Yiu Fat Noodle will be the latest restaurant opening from the group behind Peruvian-inspired London restaurants Pachamama, Chicama, Pachamama East, and Happy End Bar in Moscow. It is due to open in the spring of 2019.
It is described as “our own take on Chinese cuisine, using British ingredients & Western techniques.” The restaurant will be “a stylish, buzzing dining room in the heart of London’s China Town. [sic]” Floorplans and images reveal that the site is adjacent to Newport Court and Newport Place, opposite BaoziInn.
A China-as-imagined-by-Wes-Anderson pastiche of a website announces a project that is currently seeking investment. The entry point is £1000, and the group will not use one of the more well-known crowd-funding platforms, like Crowd Cube or Kickstarter. There’s a cap on one hundred thousand pounds.
Together with some very on-trend mood-boarding on Instagram — Balenciaga and La Croix in one image! — the website of veritable buffet of cutesy, infantilising, and aestheticised versions of the East. A red-and-white plastic take-out bag and young Chinese men wearing KFC bags over their heads are all over the place. It also reveals further details of what the group has planned. One panel comments on the history of the Silk Road in Xinjiang, the region of China from which Uyghur cuisine — as exhibited in London by Walthamstow’s Etles — comes. A pretty accurate description of the region’s history and qualities, focussed on “kebabs and dumplings,” posits that the food carries “a bolder influence that introduces a spicy depth and vibrancy, which its counterparts elsewhere seem to lack.” This “lack” is one of many possible takes on the nature of sociocultural regional variation in cooking traditions.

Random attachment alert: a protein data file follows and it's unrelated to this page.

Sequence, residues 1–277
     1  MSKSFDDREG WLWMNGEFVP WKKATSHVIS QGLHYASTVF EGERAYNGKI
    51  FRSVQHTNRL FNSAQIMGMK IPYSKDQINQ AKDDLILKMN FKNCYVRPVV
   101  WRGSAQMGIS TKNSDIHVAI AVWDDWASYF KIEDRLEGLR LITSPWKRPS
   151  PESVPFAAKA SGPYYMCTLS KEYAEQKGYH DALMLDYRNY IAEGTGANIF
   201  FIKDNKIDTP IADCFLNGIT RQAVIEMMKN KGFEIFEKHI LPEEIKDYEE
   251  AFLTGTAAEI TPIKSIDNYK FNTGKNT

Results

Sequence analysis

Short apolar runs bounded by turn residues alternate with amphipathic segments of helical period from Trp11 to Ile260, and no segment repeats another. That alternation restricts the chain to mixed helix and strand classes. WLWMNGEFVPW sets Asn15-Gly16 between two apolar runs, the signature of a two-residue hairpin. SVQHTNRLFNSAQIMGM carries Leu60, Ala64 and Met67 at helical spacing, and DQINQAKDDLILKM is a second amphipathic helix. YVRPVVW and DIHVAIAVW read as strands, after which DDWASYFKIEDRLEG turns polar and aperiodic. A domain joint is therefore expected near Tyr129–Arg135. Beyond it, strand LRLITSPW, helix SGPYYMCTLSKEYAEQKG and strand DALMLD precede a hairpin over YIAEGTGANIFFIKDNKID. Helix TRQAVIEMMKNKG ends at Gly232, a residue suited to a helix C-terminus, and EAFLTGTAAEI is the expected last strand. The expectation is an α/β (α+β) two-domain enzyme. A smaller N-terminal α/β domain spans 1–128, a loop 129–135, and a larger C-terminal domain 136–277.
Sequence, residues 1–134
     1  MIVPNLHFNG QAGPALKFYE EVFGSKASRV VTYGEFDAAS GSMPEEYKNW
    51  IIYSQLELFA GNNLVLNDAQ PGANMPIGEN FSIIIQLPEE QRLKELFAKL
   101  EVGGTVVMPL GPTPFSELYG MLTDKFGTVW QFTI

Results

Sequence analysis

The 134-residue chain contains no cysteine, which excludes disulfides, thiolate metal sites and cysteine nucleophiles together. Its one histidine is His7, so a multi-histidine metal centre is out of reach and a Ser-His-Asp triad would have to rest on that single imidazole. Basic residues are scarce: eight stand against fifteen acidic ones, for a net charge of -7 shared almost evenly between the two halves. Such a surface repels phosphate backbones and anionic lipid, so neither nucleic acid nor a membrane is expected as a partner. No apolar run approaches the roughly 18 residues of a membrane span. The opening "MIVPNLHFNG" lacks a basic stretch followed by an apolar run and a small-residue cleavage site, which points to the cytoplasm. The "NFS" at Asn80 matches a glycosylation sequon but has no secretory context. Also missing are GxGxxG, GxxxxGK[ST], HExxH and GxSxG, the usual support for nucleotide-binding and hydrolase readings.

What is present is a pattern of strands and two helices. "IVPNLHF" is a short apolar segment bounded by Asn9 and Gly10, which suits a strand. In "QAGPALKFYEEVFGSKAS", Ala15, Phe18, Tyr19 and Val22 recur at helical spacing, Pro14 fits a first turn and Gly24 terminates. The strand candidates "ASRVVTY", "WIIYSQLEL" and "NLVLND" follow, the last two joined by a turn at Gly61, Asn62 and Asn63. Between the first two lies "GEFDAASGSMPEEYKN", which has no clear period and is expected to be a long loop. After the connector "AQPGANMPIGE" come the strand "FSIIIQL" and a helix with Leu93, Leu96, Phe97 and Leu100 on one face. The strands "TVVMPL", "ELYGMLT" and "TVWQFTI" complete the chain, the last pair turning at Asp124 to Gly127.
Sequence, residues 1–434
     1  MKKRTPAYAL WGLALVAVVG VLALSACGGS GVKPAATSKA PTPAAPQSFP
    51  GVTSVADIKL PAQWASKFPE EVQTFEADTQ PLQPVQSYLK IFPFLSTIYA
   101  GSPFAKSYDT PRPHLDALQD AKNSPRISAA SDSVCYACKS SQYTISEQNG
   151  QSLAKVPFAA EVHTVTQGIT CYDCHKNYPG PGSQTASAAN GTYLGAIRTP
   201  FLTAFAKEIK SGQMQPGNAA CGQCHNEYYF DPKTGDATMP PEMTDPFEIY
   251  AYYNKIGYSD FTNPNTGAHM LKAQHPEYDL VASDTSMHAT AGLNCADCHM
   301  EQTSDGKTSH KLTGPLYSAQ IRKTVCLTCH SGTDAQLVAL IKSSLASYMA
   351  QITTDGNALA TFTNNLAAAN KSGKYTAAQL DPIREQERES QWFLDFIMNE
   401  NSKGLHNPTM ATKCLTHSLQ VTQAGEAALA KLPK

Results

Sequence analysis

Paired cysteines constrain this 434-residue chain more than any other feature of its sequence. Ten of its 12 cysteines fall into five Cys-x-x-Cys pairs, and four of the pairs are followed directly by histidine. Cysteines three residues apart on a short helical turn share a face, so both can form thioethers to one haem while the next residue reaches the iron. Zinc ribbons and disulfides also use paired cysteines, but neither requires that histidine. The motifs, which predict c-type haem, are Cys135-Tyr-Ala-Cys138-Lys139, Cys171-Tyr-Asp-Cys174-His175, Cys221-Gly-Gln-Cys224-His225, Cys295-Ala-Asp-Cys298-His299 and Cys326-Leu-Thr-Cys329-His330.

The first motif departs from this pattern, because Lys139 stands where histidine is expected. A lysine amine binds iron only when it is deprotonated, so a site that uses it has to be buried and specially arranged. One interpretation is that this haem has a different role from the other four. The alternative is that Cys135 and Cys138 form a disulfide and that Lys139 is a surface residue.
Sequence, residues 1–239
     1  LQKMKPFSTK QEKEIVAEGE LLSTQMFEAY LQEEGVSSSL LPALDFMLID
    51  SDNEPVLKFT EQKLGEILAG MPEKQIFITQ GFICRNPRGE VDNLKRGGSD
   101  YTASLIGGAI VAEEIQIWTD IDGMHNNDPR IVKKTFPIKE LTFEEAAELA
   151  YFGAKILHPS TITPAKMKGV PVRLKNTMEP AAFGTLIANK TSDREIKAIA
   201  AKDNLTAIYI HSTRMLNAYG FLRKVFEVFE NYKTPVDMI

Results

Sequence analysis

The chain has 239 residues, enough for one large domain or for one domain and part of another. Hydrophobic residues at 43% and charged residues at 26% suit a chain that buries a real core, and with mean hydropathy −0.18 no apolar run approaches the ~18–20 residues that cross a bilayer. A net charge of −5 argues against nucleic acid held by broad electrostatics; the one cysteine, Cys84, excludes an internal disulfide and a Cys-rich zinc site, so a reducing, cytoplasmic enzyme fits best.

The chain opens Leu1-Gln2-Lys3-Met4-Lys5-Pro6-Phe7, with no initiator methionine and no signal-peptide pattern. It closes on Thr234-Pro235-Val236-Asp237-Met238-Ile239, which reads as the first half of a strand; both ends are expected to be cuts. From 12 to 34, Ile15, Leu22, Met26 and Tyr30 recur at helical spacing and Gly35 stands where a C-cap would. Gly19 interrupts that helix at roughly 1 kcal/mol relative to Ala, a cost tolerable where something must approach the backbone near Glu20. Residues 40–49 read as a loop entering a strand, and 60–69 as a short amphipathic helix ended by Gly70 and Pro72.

The group, which was set up in October 2014, said it did so “with a mission to introduce exciting, diverse and playful dining concepts to the London restaurant scene.”
Its placement is also notable. It is known the landlord, Shaftesbury, which owns the vast majority of Chinatown is using Central Cross as a play area for a range of new, contemporary commercial concepts. The 48,000 square foot “mixed-use development” at the neighbourhood’s eastern entrance is targeting a younger audience. What that means is new social media-friendly brands and more restaurants reflective of current trends in China.
And, evidently, Yiu Fat Noodle.